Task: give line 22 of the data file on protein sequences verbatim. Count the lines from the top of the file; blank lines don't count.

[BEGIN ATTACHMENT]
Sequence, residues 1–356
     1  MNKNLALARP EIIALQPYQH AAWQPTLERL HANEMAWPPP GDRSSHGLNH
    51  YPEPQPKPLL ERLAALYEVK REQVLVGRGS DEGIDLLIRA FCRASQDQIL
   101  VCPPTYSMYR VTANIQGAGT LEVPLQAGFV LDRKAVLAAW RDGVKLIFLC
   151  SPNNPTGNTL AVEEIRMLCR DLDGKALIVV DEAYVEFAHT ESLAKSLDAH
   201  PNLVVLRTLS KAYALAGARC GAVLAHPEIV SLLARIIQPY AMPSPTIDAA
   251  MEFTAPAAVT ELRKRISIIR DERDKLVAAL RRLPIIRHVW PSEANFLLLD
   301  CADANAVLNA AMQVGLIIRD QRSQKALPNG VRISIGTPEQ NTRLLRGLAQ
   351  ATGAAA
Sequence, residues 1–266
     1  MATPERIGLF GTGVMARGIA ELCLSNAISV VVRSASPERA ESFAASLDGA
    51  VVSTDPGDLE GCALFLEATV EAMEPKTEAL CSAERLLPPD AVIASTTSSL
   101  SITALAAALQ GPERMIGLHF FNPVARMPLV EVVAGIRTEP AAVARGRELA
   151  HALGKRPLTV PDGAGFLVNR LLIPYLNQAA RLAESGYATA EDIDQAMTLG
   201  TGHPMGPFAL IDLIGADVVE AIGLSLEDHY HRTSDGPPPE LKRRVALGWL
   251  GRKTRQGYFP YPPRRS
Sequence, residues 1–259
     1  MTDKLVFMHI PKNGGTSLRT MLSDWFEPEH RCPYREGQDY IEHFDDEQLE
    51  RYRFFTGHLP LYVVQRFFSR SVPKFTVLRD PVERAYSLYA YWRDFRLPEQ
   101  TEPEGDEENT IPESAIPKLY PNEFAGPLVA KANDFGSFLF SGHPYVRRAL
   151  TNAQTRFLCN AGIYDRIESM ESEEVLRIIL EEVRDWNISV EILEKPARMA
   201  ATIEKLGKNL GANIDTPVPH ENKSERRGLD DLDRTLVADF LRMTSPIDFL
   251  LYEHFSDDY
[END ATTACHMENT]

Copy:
   201  ATIEKLGKNL GANIDTPVPH ENKSERRGLD DLDRTLVADF LRMTSPIDFL